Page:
Both Nellie Serch and Ronald Liddick testified to statements made by appellant, following the murder, which indicated appellant's involvement in the crime. While riding in a car with Nellis Serch the appellant arrogantly stated "let them intensify their search" in response to a radio report concerning the police investigation. When asked by Ronald Liddick whether he had simply pushed the body from the shore into the lake the appellant answered "no". Although the evidence implicating the appellant is for the most part circumstantial, "[t]he law in Pennsylvania has consistently recognized that circumstantial evidence may, without more, be the basis of a conviction so long as the inferences drawn therefrom prove the fact or facts in question beyond a reasonable doubt." Commonwealth v. Treftz, 465 Pa. 614, 627, 351 A.2d 265, 271 (1975) cert. denied 426 U.S. 940, 96
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S.Ct. 2658, 49 L.Ed.2d 392 (1976). We find that the Commonwealth's evidence was sufficient to support the jury's verdict of murder of the first degree.
Appellant's second contention is that the trial court erred in allowing the Commonwealth's medical examiner, who performed the autopsy on the deceased, to testify a second time during the trial, in view of the fact that appellant's counsel had stipulated to the medical examiner's prior testimony.
At trial, the medical examiner, Dr. Marlin Aronson, testified that based on the state of decomposition of the body, it appeared the deceased had been dead for two to three days before her body was removed from the water. Using this estimate, the appellant contends that he could have pursued a defense of alibi in light of Nellie Serch's testimony that he returned home at 8:00 a. m. Saturday, almost three and one half days before the body was removed from the water. However, Dr. Aronson also testified that if the decedent's stomach contents could be correlated, a more precise estimate of the time of death could be made. The doctor then stated that the deceased had eaten a doughy like substance, which was consistent with pizza, approximately two hours before her death. Following cross-examination of Dr. Aronson, appellant offered to stipulate to the doctor's testimony and the Commonwealth accepted.
Later in the trial, a witness testified that she had observed the deceased eating a pizza about one hour before the abduction. Dr. Aronson was then recalled by the Commonwealth and asked to estimate the time of death assuming this pizza represented the doughy like substance which was found in the decedent's stomach. Dr. Aronson again estimated that death would have occurred about two hours after the decedent had eaten, but the doctor added that this would have been approximately 3:00 a. m., Saturday, September 8, 1973.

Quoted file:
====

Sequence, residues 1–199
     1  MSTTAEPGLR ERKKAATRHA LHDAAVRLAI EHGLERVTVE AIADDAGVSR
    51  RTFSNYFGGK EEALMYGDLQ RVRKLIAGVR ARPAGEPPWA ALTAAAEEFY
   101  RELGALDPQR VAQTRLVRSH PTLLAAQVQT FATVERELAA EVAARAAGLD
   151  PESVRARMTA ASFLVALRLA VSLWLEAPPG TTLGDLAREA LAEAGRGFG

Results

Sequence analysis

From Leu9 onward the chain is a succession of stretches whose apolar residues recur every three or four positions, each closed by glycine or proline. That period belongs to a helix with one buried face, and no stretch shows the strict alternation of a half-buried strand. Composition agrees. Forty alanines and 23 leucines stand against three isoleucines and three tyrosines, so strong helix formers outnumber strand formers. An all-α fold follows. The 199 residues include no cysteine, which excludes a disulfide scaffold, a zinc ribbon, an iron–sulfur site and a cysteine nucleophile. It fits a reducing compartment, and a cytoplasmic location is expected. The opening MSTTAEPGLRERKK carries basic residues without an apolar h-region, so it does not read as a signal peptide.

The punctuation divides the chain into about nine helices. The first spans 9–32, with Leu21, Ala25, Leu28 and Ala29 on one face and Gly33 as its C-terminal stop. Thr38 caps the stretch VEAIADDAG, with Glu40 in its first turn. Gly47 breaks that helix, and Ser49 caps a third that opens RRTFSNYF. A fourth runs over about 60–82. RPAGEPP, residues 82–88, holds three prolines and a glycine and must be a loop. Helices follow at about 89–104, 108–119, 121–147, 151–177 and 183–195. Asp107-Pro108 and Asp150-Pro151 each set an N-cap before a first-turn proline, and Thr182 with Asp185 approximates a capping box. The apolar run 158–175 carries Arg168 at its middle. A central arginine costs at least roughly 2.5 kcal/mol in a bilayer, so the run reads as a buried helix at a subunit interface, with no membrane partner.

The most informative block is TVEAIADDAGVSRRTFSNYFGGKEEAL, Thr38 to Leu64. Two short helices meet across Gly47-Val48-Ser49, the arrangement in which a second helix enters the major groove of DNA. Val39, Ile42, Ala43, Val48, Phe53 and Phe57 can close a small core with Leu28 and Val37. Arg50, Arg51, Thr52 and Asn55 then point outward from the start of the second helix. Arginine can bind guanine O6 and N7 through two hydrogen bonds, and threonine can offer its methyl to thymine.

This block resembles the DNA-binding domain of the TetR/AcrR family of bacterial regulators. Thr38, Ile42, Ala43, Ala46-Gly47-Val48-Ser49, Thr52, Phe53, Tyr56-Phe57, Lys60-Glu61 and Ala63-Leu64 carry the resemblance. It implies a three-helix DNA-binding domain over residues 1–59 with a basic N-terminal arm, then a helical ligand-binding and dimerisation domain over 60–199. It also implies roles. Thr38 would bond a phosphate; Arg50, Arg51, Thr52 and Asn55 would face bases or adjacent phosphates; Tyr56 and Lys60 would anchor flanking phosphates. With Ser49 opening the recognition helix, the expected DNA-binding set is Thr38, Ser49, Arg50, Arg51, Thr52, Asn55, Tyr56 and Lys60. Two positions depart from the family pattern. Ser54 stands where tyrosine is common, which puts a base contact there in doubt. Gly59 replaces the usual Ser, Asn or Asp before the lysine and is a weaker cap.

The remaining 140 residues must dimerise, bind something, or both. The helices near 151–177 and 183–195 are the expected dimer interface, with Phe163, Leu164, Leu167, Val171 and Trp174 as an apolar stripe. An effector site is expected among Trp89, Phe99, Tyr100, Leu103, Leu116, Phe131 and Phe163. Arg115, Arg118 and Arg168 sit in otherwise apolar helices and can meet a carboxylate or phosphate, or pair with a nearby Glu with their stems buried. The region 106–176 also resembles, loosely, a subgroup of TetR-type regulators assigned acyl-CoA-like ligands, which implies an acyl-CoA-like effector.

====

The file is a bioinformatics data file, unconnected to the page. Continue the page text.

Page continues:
Appellant argues that the "additional testimony" contradicted Dr. Aronson's prior testimony and thus violated
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the stipulation. The record does not support this argument. The stipulation clearly encompassed Dr. Aronson's prior testimony concerning the possibility of making a more precise estimate of the time of death via the eating of this pizza. Therefore, the "additional testimony" did not contradict the stipulation.
Appellant next argues that his defense was unfairly prejudiced by the "additional testimony" of Dr. Aronson, to the extent that he was precluded from contesting the "additional testimony" because he had released his medical expert following the stipulation, and decided to rely solely on alibi as his defense. This argument is specious. Even without the additional testimony of Dr. Aronson, the evidence clearly supported the inference that the deceased was murdered around 3 a. m. on Saturday. Thus, Dr. Aronson's "additional testimony" did not cause the defense any unfair prejudice or surprise.*fn2
Judgment of sentence affirmed.
MANDERINO, Justice, dissenting.
In reliance upon a stipulation as to the time of death, appellant released his expert witness and was unable to rebut evidence later introduced by the prosecution contradicting this stipulation. Appellant is therefore entitled to a new trial.
The majority opinion sidesteps this issue by finding that the additional testimony did not contradict the stipulation but merely made it more precise. This is not so. The original stipulation established the time of death (a crucial point in establishing guilt) to be two to three days prior to the discovery of the body. Appellant's defense was based
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upon this fact since appellant had an alibi witness for this time period. When the prosecution introduced the new evidence, the time of death was correlated to the victim's stomach contents. The time of death was then taken out of the time frame to which the parties originally stipulated. Appellant had released his expert and was unable to reschedule this expert to testify prior to the end of the trial. The record does not support that appellant's reliance on the time of death stipulation was unjustified, and I must dissent.